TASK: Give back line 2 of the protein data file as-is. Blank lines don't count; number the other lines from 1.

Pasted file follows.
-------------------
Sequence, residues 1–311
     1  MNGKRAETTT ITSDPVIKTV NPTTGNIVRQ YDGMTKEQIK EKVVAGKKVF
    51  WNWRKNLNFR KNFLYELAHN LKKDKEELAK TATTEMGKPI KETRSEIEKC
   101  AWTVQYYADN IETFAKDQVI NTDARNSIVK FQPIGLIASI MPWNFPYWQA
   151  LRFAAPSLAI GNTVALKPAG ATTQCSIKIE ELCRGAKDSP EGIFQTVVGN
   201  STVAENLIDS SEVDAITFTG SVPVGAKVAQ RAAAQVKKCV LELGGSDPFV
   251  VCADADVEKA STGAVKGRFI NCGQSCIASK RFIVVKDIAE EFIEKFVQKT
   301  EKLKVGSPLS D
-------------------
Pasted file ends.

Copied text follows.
     1  MNGKRAETTT ITSDPVIKTV NPTTGNIVRQ YDGMTKEQIK EKVVAGKKVF